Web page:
So, for folks who might not know (or care), 2009 is the 20th anniversary of the Shadowrun RPG. Shadowrun remains one of my favorite RPG worlds of all time, as expressed, I hope, by the amount of writing I did for it. Writing for SR got me my start in the RPG industry, and the game itself gave me a lot of fun memories.

It’s hard to believe the game is twenty years old: I remember quite well cutting across the Royal Ridge Mall from the camera store where I worked my post-high school/pre-college job to the small hobby shop and seeing the full-color rulebook for the first time. FASA’s promo fliers for Shadowrun were brilliant, tantalizing pieces of marketing, with their hints about a crazy mixed-up fusion of cyberpunk and Tolkien-eqsue fantasy. I bought the rulebook right away (scandalized at the time that it cost 28 dollars, the most I’d ever paid for a new RPG at the time) and that weekend convinced my friends to play it. We plunged into the Sixth World and never looked back.

Now, twenty years later, it’s fun to look back on things like this:

Pocket Secretary: The pocket secretary is an office for the businessman on the go. The compact unit functions as a portable phone, a computer (100 Mp), and filing system. Standard software performs call screening, answering-machine functions, automatic teleconfirmation of credit transactions, word processing with standard letters on file and stenographer functions. Pocket secretaries are never equipped for jacking into the Matrix. Cases are shock- and water-resistant for durability and long service. (Shadowrun, First Edition, 1989, page 125)

Which pretty much describes the iPhone sitting on my desk to a “T”, except the pocket secretary weights about half a kilogram versus the iPhone’s 133 grams and we still have no idea how much a “megapulse” of memory is versus my phone’s 16 gigabytes (indeed, “megapulses” were specifically chosen to avoid later embarassments like the starship computers from Traveller with 16 kilobytes of memory). Plus the idea of wireless connectivity and the things you can use it for is barely a glimmer back in the pre-WiFi/pre-Web Dark Ages. Shadowrun has made efforts to update its tech over the years, up to and including the current edition’s wireless and omnipresent Matrix (the name of which SR was using years before the film, by the way).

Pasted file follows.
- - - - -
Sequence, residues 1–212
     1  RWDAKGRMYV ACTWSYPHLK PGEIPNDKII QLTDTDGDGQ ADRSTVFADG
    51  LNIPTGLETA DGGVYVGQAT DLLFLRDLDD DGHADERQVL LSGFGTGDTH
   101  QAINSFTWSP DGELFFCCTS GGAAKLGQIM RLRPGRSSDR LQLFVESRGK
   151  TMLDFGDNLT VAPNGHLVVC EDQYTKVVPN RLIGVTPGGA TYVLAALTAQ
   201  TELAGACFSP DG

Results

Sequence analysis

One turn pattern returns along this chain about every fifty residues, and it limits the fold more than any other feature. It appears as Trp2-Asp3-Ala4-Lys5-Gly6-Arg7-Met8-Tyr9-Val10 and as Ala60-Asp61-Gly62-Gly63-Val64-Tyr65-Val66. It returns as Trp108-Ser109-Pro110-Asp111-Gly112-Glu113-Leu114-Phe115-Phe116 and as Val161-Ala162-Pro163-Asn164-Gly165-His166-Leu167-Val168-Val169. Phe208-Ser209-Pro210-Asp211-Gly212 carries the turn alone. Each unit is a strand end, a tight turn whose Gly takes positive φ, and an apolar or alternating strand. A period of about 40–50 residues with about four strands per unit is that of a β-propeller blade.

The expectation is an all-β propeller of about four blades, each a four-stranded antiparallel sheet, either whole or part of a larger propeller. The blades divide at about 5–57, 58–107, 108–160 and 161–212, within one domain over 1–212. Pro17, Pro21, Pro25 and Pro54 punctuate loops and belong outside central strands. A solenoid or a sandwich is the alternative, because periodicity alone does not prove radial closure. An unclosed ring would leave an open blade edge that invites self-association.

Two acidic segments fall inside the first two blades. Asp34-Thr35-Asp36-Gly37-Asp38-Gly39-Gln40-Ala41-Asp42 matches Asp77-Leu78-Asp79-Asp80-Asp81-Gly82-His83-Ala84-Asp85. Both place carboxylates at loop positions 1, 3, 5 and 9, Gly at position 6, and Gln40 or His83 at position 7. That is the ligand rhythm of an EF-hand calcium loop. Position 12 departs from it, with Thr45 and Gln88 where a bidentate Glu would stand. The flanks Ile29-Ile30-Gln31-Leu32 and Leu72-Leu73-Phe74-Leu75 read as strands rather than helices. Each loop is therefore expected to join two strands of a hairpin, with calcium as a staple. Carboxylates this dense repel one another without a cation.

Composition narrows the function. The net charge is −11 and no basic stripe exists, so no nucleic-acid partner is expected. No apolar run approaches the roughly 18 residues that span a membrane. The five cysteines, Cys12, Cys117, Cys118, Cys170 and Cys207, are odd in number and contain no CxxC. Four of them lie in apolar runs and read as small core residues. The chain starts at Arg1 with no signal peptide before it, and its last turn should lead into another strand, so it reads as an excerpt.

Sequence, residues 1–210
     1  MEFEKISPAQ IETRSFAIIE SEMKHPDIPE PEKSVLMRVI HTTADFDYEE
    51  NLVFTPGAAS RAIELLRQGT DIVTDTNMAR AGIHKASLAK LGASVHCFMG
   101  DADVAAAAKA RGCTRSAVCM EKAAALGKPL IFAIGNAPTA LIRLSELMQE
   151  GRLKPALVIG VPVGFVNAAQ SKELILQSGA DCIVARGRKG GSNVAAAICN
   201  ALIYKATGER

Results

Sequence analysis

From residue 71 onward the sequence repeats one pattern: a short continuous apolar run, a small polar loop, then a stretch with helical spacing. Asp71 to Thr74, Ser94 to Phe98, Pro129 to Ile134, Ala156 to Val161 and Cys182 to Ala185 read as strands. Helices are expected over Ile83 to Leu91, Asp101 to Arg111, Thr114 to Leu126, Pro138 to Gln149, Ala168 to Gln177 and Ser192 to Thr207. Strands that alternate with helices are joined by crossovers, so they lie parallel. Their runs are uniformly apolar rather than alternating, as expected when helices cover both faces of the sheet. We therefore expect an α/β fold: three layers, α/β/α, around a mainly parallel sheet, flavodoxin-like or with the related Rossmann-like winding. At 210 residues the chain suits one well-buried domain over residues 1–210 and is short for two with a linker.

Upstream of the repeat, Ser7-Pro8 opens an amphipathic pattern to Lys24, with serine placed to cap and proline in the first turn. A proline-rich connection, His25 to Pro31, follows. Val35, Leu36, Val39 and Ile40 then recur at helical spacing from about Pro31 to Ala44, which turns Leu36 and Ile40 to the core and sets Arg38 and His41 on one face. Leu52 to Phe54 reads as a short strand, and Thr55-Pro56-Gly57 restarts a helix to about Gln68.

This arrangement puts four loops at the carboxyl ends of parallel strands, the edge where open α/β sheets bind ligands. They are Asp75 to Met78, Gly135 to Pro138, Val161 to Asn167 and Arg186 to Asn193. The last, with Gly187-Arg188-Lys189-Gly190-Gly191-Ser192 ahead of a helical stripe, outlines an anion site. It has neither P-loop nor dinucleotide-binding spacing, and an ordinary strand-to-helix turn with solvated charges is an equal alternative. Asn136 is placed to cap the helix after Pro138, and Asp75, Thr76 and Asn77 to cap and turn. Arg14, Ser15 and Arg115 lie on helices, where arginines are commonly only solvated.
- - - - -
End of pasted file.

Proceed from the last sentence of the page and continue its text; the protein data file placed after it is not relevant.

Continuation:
So, happy anniversary, Shadowrun. Hope your dark future’s so bright, you’ve gotta wear shades...
Tonight was the start of Andy’s new Shadowrun 4e game; it’s the first game I’ve played with the current edition (the quickie “getting the feel for it” session we played after character creation notwithstanding) and the first time I’ve played Shadowrun in quite a while (since the time when, you know, I “ruined so much of shadowrun”).

Our characters are a group of ‘runners who worked together in the Boston metroplex until a disastrous job a year ago, when several members of the team died, the rest going to ground or getting out of town for a while. Then we all get a message from one of those teammates we thought was dead, arriving at a meeting place where a virtual avatar of Bridger tells us he’s been working as a fixer over the past year, but is now missing.

The characters are: Rook (cyber ork mercenary), Kodachi (sword-wielding Japanese ork adept), Mustang Sally (human vehicle rigger), and Pickman (technomancer with a Lovecraft fixation), plus my character, Brandon Donelley, AKA “Bran,” an elf Raven shaman, “chosen” by the Morrigan.

We escape the hired muscle and hacker that jump us at the meet site; Pickman takes out the hacker and back-tracks him, so we grab and interrogate him, getting the name “Trance” as the person who hired him. Examination of Bridger’s house shows he was left an invalid by his supposed “death,” doing all his work via the Matrix, and taken by someone who used some sort of paralytic gas. Bran finds a hair sample to use as a magical link to track Bridger’s whereabouts, while Pickman is rewarded by watching the data-drop for Trance’s hired hacker. He gets access to Trance’s system and finds evidence of her involvement in Bridger’s kidnapping.

Bran finds their former teammate is being held at a location in South Boston and contacts the rest of the team. Next game we’ll see what happens when they go in!

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stevekenson

July 2011

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